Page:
WSU Tree Fruit Research & Extension Center

Organic & Integrated Tree Fruit Production

Monday, October 15, 2018

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Search results on 10/15/18

11126. Rasmussen, V.P. and R.L. Newhall. 1991. Dryland tillage demonstration /research plots.. Agri-hint Series 109, Coop. Ext., Utah State Univ., Logan..
Seven cropping systems are being compared to determine fallow efficiencies and erosion potentials. The annual crop system outyielded the crop-fallow systems in the two years of study.

5725. Rasmussen, V.P. and R.L. Newhall. 1989. High residue conservation tillage increases soil moisture and profits. IN: Utah Agricultural Statistics, 1989. p. 121-124. Utah Agricultural Statistics Service, Salt Lake City, UT.
Three years of data are reported for several locations comparing a number of consevation tillage and cropping systems. The no-till and chemical fallow were better both for conserving soil and moisture, and generated the highest net returns. The chem fallow conserved about 1-2 inches of soil moisture. Erosion under the no-till chem fallow ranged from 1-5 T/ac compared to 17-30 T/ac with conventional tillage. The study included tests of continuous cropping, but more years are needed to make an economic comparison.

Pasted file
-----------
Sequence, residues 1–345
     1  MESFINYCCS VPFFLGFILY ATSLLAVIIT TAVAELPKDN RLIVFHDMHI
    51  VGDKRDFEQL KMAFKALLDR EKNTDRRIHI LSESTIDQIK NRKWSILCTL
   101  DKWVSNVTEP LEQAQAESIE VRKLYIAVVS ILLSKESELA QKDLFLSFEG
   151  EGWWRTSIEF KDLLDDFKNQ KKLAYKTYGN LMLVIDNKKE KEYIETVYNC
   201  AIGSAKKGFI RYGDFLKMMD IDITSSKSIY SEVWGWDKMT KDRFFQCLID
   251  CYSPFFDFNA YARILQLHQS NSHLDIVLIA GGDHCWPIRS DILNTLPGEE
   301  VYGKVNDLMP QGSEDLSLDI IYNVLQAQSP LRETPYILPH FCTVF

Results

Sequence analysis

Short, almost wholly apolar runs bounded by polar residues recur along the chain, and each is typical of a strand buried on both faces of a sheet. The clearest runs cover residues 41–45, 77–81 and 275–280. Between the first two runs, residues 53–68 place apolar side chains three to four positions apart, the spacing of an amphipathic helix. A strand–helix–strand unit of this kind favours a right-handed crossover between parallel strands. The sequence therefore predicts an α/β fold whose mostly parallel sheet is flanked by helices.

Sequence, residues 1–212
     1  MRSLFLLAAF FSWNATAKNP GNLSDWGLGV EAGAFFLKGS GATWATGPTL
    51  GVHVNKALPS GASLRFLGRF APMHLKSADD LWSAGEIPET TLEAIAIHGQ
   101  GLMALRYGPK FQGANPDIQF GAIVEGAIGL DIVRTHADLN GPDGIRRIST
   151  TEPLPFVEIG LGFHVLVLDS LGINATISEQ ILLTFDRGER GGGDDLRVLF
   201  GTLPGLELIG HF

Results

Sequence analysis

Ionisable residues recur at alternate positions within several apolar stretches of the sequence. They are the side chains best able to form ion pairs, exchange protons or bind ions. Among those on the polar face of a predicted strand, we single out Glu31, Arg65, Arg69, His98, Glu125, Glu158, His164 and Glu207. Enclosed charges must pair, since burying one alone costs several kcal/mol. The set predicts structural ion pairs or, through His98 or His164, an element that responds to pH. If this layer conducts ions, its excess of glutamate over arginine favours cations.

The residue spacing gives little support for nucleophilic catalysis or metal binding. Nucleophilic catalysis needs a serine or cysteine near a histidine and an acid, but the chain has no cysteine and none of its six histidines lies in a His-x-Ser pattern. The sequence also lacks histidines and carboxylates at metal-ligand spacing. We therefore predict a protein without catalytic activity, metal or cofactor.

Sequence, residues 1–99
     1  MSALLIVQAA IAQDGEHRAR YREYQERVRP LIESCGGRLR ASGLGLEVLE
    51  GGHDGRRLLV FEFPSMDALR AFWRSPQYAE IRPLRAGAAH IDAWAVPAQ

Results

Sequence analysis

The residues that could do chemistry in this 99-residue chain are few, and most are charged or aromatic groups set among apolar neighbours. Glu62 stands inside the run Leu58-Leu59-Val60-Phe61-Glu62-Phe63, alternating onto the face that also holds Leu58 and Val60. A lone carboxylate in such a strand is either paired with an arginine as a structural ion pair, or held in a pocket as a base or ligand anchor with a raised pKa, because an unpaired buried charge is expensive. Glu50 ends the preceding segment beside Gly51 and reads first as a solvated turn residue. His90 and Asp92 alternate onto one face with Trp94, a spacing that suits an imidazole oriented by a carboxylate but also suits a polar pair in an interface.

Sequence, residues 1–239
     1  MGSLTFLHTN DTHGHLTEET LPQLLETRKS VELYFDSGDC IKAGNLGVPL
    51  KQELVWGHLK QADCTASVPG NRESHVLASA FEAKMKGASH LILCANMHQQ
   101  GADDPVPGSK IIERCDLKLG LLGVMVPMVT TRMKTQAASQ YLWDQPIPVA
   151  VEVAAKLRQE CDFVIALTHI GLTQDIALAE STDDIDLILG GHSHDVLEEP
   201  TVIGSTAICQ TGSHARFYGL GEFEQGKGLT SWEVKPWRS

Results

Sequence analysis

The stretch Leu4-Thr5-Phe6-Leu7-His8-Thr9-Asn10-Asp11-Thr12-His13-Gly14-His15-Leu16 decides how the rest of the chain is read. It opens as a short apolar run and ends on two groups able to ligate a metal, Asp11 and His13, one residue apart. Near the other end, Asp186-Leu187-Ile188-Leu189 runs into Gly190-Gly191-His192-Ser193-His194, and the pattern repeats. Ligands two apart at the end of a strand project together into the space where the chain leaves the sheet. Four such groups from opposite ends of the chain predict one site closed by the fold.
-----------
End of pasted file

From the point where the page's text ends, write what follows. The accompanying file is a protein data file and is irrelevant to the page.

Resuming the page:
11136. Rasmussen, V.P. and R.L. Newhall. 1991. Dryland tillage demonstration/research plots.. Agri-hint Series 91-111, Coop. Ext., Utah State Univ., Logan.
Continuous winter or spring wheat did not yield as well as the chem-fallow or conventional systems.

11146. Rasmussen, V.P. and R.L. Newhall. 1991. Dryland tillage demonstration/research (FSA compliance) plots.. Agri-hint Series 91-108, Coop. Ext., Utah State Univ., Logan.
Chem-fallow systems showed better profitability and lower soil loss than conventional systems. A deep furrow drill did not perform as well as a Yield no-till drill.

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